Ten years ago, lingerie coffee stands were considered a pretty big deal in Yakima.

Former Mayor Dave Edler and the City Council spent significant time on the issue, saying in 2009 that “bikini bars” should be regulated by the city’s Adult Business Ordinance.

Code enforcement officials eventually targeted a stand on Yakima Avenue called Dream Girls, and former owner Cheryl Clark was charged with indecent exposure (a misdemeanor) when one of her employees reportedly crossed the line.

“I honestly didn’t think we had broken the law, so I decided to fight back,” she said. “They just wanted to use me as an example.”

Clark eventually sold the business — which now sits along East Nob Hill Boulevard — and she harbors no bad feelings toward city officials. But she can’t help but wonder why a business like Dream Girls caused such a commotion back then and nary registers a whimper nowadays.

“I absolutely felt like we were targeted,” said Clark, who now owns only The Mocha Tree, a traditional espresso stand on West Nob Hill Boulevard.

“At that time, they were trying to create a new look for downtown, and they didn’t feel like having Dream Girls on Yakima Ave. fit in with that agenda,” she added. “You had other places in town doing ‘five-dollar hollers,’ but we didn’t do any of that. We were targeted because of where we were.”

The “five-dollar holler” involves nudity and is considered indecent exposure by the cities of Yakima and Union Gap. Other terms like “sexpresso” and “bikini barista” became very common back when Clark owned her lingerie coffee stand.

But these days, you may have to explain what you mean.

“Now, it seems totally fine and nobody even thinks about it,” Clark said. “Not much has changed, but the perception was different back then because they were still pretty new.”

Other cities in Washington have had to confront issues with indecent exposure — even alleged prostitution — at similar coffee stands. But aside from Clark’s case in 2010, local code enforcement officials say they have had no lingering problems with the three existing lingerie coffee stands.

Deja Brew is at 1323 S. Eighth St., Moulin Brew is at 2412 S. First St., and Peek-A-Brew is at 2423 Rudkin Road in Union Gap. A fourth stand has been rumored for North 16th Avenue, but details have not yet been confirmed.

“These businesses have to follow certain guidelines, and if there are criminal allegations, we will look into them,” said Joe Caruso, the code enforcement manager and fire marshal for the city of Yakima. “It’s all complaint-driven, and we’ve only had a few people complain.”

Caruso’s department investigated an indecent exposure complaint a couple of years ago regarding a barista who was wearing a thong. Code enforcement informed the business owner and the employee of the potential infraction and the issue was corrected.

“It was a one-time thing, more of a blip than a pattern,” Caruso said. “It’s not like we’re driving by and keeping tabs on these places. If it was happening over and over, we may have to do an emphasis patrol. But aside from the one incident a couple years ago, things have been pretty quiet.”

The city of Union Gap reports a similar arrangement with Peek-A-Brew, which sits off Interstate 82 and Valley Mall Boulevard.

“As far as I know, we haven’t had any complaints,” Lt. Stace McKinley said. “The owners have been willing to work with us and make sure their staffs are following the code. Nudity is not allowed in Union Gap, and that has been made very clear.”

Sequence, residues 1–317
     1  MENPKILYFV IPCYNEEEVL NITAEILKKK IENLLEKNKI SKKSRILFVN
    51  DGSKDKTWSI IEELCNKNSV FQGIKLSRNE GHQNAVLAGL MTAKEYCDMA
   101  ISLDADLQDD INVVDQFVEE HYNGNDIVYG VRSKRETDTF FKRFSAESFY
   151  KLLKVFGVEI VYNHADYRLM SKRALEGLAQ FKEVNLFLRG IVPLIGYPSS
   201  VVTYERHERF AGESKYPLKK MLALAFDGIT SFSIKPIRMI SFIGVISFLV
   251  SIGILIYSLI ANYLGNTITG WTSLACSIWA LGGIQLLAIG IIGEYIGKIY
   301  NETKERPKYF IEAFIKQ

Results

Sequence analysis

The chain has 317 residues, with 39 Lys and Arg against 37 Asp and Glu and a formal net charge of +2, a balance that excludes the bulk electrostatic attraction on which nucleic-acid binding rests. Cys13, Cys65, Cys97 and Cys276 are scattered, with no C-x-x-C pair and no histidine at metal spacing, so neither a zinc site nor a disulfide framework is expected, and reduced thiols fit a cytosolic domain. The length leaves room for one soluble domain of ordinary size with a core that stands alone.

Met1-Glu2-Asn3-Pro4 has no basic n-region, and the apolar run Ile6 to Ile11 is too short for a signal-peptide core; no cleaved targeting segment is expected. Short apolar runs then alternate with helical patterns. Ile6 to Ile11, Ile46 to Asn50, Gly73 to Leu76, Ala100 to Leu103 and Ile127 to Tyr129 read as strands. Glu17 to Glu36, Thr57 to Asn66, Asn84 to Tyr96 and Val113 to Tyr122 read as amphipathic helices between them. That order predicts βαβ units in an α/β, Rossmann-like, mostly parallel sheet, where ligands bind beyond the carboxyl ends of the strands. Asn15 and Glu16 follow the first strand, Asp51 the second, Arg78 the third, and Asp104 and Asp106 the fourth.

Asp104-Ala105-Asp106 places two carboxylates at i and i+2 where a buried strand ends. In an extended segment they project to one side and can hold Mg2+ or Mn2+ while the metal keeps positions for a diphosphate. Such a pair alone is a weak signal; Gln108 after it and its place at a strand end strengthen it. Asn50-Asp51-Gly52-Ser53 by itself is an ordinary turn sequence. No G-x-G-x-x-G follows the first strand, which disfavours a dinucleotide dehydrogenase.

‘Just Another Business’

Now that the novelty has worn off, the three remaining lingerie espresso stands seem to blend in with the dozens of other drive-thru coffee kiosks around town.

Sure, the windows are covered in black and there are video cameras installed to keep an eye on things (not to mention signs that say, “no cameras!”). But unless you’re in the drive-thru lane, you may not be aware of what the barista is wearing.

“We operate just like any other coffee stand,” said one shop owner who preferred to remain anonymous. “We serve coffee, Red Bull, sandwiches — the only difference is what the baristas are wearing.”

The shop owner said she has established her own guidelines that go above and beyond the city regulations. She doesn’t allow dancing and requires her baristas to wear two layers on top and bottom.

“They need to have two tops, two pairs of panties and they can’t show off their butt crack,” she said. “We don’t want to have any wardrobe malfunctions, so this way, there’s no chance of a mistake.”

The shop owner says her employees are all nice, hard-working young women. Some are moms and some are students. She said she has grown tired of people trying to moralize about what she’s doing, as though her business is inferior because it is built around pretty women in skimpy costumes.

It’s just a coffee shop with eye candy, she insists.

“We’re a little more revealing than Hooters, but we see the same amount of women come through as we do men,” the shop owner said.

“We have had very few instances with creepy people, and I feel like that has been one of the biggest differences compared to when I got started. The focus isn’t on being naked; it’s on good service and good coffee. We’re just like any other business.”

Clark, the former Dream Girls owner, wishes that was the prevailing attitude 10 years ago when she was defending herself in court against the city of Yakima.

She said she didn’t sell the business because of her legal travails, but that incident went a long way toward helping her realize that she would rather focus on coffee, not drama.

“I felt like what happened to me was more about cleaning up downtown, not the lingerie stand itself,” Clark said. “If we were in another location, they probably would have left us alone, just like the ones still around today. The city wanted to send a message to the community and I think that’s why they pursued it. But that’s all in the past. I’ve moved on.”